Walking On

By Muri


Warning: Post-TSbBS. Also not-betaed. Be afraid. Be very afraid.


But as he loaded the last box into the trunk of the Volvo, he looked back.

Loads of literature had warned against just such an act (he could think of sixteen different texts from twelve separate cultures alone), but fortunately, he didn't turn into a pillar of salt, nor did he see the smoke entwined ruins of a city laid to waste by sin.

As always, the university managed to look deceptively normal with its neatly manicured shrubbery, the snoozing students on the quads, and the gurgling splash of the fountain (and yes, he even managed to keep from wincing, this time.) No one paid him the slightest bit of attention, neither to sneer nor to shake their heads in pity. Not that he wanted to be run out by an angry, pitchfork waving mob, no, but it seemed culturally improper, somehow, that he, an alleged sinner, would be allowed to leave the community without some last rite of banishment. So where was the tar-and-feather committee? The university had kicked up such a fuss after his press conference that it could have easily drowned out the coming of the four apocalyptic horsemen - hell, it could've easily drowned out the four elephants of doom plus the eighteen hippos of unpleasantness. Who knew that the aftermath of an apocalypse could come so quietly?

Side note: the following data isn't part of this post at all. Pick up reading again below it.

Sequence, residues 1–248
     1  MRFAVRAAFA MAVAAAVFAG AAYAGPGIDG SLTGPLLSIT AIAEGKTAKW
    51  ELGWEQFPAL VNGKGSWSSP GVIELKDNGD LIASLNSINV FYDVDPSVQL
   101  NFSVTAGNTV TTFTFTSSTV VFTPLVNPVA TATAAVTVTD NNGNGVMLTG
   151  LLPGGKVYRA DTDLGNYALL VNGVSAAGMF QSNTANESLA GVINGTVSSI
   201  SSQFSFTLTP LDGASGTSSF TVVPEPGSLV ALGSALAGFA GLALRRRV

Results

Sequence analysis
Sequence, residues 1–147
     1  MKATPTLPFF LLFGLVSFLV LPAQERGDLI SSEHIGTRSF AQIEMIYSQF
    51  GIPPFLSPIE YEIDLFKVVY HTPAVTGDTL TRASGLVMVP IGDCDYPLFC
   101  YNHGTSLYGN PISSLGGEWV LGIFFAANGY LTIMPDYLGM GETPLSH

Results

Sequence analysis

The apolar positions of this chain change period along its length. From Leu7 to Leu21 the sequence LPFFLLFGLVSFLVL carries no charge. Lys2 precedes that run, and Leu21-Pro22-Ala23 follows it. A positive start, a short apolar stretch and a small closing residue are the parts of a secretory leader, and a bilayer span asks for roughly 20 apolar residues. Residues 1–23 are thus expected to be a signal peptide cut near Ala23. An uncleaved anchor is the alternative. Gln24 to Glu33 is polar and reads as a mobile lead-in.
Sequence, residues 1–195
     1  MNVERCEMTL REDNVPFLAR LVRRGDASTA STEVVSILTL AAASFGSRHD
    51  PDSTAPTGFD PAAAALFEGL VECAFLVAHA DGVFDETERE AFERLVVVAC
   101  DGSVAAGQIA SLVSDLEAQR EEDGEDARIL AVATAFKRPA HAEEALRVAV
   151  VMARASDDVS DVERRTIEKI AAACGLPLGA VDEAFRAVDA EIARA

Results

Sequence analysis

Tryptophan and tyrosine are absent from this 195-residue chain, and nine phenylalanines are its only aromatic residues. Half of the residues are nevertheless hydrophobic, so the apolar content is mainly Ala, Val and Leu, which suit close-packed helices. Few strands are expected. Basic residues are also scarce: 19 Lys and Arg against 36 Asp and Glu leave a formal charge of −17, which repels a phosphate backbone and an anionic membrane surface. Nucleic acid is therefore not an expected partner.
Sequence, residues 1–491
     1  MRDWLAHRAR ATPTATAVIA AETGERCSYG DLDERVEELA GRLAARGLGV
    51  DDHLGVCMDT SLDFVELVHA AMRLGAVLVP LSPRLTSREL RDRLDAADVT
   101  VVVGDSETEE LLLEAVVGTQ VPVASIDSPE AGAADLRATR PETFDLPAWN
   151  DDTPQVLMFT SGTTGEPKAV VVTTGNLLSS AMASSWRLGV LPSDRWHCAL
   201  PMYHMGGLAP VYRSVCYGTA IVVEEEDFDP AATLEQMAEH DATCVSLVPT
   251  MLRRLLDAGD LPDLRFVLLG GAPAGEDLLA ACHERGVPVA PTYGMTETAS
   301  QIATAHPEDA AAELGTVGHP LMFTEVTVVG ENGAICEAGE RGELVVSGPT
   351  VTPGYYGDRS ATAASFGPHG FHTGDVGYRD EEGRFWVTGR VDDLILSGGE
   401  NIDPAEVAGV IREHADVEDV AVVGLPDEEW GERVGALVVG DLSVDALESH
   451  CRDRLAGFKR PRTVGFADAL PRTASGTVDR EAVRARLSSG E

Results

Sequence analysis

Instead of a jeering gauntlet of red pen wielding academics, what awaited him were boxes, more boxes, and enough papers to cover the loft three times over. Yes, his very own scarlet "A", typed out in double-spaced, 12 pt. Times New Roman. Otherwise, the fallout had created little debris. Fourteen years of college had condensed down to two carloads of books, papers, magazines, a half-broken brew pot, and a twenty-odd collection of exceedingly ugly drinking mugs. There was probably some form of symbolism inherent there, he thought, something about measuring out his life in coffee spoons and Bullwinkle cups.

"Ready to blow this merry-go-round?" he asked. A warm pat on the shoulder was his answer. With one more semi-sacrilegious look back at the not-so-ruined-ruins of his past, he shrugged and grinned. In the end, it wasn't about the symbolism inherent in his quiet Armageddon. It wasn't about what would be left behind - what could be left behind, by the carload or otherwise. So let them tar and feather me... or not, he thought. And let me look back, just once, after all. But just once, and no more. For it wasn't what he was walking away from, after all ... but what he'd be walking away with that mattered. "Let's go, Jim."


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